Film 11 having image 25 thereon passes through an inductance heater coil 26 which is powered by an AC. power supply 27. Film 11 is formed of an electrically nonconductive material and thus is not significantly heated directly by the electromagnetic energy emitted by inductance coil 26. Materials suitable for use in film 11 include polymers of olefins, polymers of substituted olefins, polyamides, polycarbonates, polyethers, acetal resins, thermoplastic cellulose, copolymers, and paper. Specific examples include polymers of one or more of the following monomers: olefins such as ethylene, propylene, l-butene, l-pentene, 4-methyl-l-pentene, l-heptene, l-octene, l-decene, 3-phenylpropene-1, vinylcyclohexane, and the like; conjugated dienes such as 1,3-butadiene, 2,3-dimethyl-l,3- butadiene, isoprene, piperylene, 3-furyl-1,3-butadiene, 3- methoxy-l,3-butadiene and the like; haloprenes, such as chloroprene (2-chloro-1,3-butadiene), bromoprene, 2- ethoxy-l,3-butadiene, methylchloroprene (2-chloro 3- methyl-1,3-butadiene), and the like; aryl substituted olefins such as styrene; various alkyl styrenes such as o-ethylstyrene, m-tetradecylstyrene, and the like; p-chlorostyrene, p-vinylstyrene, m-methoxy-p-isopropylstyrene, o-chlorop-decylstyrene, 3-bromo-4-vinylbutyne-l, p methoxystyrene, alpha-methylstyrene, vinylnaphthalene, 4-butoxy- S-vinylpentyne-l, and the like; acrylic and substituted acrylic acids and their esters, nitriles and amides such as acrylic acid, methacrylic acid, methyl acrylate, ethyl acrylate, methyl alpha-chloroacrylate, methyl methacrylate, ethyl methacrylate, butyl methacrylate, methyl ethacrylate heptadecyl methacrylate, phenyl acrylate, o-tolyl methacrylate, benzyil ethacrylate, acrylonitrile methacrylonitrile, methacrylamide, N,N-diphenylacrylamide, N.N- di-o-tolylacrylamide, and the like; methyl isopropenyl ketone, methyl vinyl ketone, l-naphthyl vinyl ketone, methyl vinyl ether, Z-anthryl vinyl ether, vinyl acetate, vinyl arachidate, vinyl chloride, vinylidene chloride, vinylfurane, vinylpyridine, vinylcarbazole, vinylacetylene and other unsaturated hydrocarbons, esters, alcohols, acids, ethers, etc. of the types described, and polymers such as acetal, ethyl cellulose, cellulose acetate, cellulose propionate, cellulose acetate butyrate, nylon, and polycarbonate.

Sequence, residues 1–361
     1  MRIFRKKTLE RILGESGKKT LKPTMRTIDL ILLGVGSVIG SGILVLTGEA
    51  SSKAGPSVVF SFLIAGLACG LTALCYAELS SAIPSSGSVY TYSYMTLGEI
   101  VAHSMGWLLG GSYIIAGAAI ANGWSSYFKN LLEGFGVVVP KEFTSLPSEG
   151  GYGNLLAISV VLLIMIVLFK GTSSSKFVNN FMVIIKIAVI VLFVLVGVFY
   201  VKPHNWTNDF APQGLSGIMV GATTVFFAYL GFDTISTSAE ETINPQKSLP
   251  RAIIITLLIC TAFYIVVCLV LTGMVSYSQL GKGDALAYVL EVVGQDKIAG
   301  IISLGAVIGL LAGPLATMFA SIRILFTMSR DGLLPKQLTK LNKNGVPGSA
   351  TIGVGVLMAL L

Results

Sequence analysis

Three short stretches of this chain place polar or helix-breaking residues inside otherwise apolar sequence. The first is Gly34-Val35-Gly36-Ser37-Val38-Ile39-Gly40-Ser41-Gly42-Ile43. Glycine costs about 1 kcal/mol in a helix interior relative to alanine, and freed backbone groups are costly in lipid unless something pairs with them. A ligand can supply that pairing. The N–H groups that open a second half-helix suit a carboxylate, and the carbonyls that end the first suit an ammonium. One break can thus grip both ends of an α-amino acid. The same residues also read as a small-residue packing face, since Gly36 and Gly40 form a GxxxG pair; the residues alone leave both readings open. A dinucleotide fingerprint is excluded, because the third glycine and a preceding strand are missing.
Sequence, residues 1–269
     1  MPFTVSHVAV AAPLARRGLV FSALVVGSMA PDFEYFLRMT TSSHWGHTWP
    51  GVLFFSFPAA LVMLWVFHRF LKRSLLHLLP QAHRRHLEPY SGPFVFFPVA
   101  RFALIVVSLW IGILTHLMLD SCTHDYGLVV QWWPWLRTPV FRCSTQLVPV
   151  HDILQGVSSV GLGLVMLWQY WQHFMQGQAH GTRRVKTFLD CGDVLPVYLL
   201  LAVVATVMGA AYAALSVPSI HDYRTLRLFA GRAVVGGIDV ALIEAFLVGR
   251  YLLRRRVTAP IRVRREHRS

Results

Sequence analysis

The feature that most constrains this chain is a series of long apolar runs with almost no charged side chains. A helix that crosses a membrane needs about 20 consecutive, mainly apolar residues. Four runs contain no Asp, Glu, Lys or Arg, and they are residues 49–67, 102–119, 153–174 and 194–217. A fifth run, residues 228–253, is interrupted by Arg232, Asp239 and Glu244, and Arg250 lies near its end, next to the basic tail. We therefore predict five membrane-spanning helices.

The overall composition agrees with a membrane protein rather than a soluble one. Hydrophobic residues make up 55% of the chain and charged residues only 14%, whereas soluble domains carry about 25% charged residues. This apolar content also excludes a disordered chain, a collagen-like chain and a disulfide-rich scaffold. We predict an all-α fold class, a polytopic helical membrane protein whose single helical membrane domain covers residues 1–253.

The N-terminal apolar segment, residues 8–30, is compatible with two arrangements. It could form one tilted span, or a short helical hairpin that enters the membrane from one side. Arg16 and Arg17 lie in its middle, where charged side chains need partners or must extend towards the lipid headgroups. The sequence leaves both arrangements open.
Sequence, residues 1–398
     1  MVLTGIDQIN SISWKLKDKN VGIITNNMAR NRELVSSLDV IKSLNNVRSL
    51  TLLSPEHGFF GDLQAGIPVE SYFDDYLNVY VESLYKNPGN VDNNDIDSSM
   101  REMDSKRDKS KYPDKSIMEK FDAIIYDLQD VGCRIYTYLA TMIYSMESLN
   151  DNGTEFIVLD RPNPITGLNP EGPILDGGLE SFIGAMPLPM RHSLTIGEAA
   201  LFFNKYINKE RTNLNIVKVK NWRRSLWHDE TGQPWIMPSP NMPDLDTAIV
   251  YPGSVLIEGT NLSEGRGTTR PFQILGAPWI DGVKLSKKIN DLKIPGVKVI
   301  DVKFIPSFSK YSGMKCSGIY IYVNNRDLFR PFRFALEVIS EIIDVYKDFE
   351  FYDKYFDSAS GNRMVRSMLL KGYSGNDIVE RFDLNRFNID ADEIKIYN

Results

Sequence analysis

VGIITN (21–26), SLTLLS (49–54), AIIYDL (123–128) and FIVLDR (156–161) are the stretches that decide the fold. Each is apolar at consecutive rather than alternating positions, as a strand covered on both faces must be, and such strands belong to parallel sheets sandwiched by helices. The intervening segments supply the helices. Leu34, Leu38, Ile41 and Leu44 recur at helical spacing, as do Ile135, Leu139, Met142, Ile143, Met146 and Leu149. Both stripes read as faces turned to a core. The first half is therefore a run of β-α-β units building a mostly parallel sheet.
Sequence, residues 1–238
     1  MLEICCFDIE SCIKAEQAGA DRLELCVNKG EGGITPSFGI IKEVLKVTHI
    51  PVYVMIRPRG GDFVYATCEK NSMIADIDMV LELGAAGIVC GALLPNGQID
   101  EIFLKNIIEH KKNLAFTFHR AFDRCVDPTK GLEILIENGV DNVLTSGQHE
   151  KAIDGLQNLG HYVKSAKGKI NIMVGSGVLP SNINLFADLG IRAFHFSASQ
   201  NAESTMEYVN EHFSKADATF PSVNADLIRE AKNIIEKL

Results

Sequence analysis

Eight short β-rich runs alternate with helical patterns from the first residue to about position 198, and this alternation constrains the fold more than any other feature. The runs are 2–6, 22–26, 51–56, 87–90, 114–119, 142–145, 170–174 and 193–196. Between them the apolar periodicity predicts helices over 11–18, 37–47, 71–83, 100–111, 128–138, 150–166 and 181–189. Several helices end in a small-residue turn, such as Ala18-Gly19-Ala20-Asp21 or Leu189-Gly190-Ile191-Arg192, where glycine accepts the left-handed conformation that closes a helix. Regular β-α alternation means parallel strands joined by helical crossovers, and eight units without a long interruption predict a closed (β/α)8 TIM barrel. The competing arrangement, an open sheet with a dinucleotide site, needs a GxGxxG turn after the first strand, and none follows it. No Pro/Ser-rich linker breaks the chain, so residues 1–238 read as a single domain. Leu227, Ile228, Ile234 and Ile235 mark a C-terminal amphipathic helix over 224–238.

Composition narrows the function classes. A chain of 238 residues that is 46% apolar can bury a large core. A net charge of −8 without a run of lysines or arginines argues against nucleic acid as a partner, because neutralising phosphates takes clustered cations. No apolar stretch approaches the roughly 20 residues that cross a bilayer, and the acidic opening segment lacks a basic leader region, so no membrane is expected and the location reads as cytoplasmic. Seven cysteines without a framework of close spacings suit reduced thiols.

The particulate ink solids comprise a thermoplastic material which has an electromagnetic energy absorption factor substantially greater than the corresponding absorption factor of the substrate film 11 or which has combined therewith a filler material which has an electromagnetic energy absorption factor substantially greater than the corresponding absorption factor of the substrate.

To minimize possible deformation of the substrate and to set the ink within a reasonable time it is presently preferred that the absorption factor of the ink be at least twice the value of the absorption value of the substrate. The transfer of electromagnetic energy by induction heating requires that the ink contain an electrically conductive material. As very few thermoplastic materials are electrically conductive to any significant extent, the ink to be inductively heated will usually contain a filler material which is electrically conductive. Examples of suitable filler materials include conductive carbon black, conductive graphite, aluminum, copper, iron, nickel, magnesium, and the like. Where the desired color of the ink is other than the color of the thermoplastic material and/or the electrically conductive filler, the ink can also contain a pigment. Exemplary pigments include titanium dioxide, carbon black, cadmium yellow, cadmium red, iron oxide red and ultramarine blue. Thus in some instances, the pigment can serve as both the colorant and the electrically conductive filler.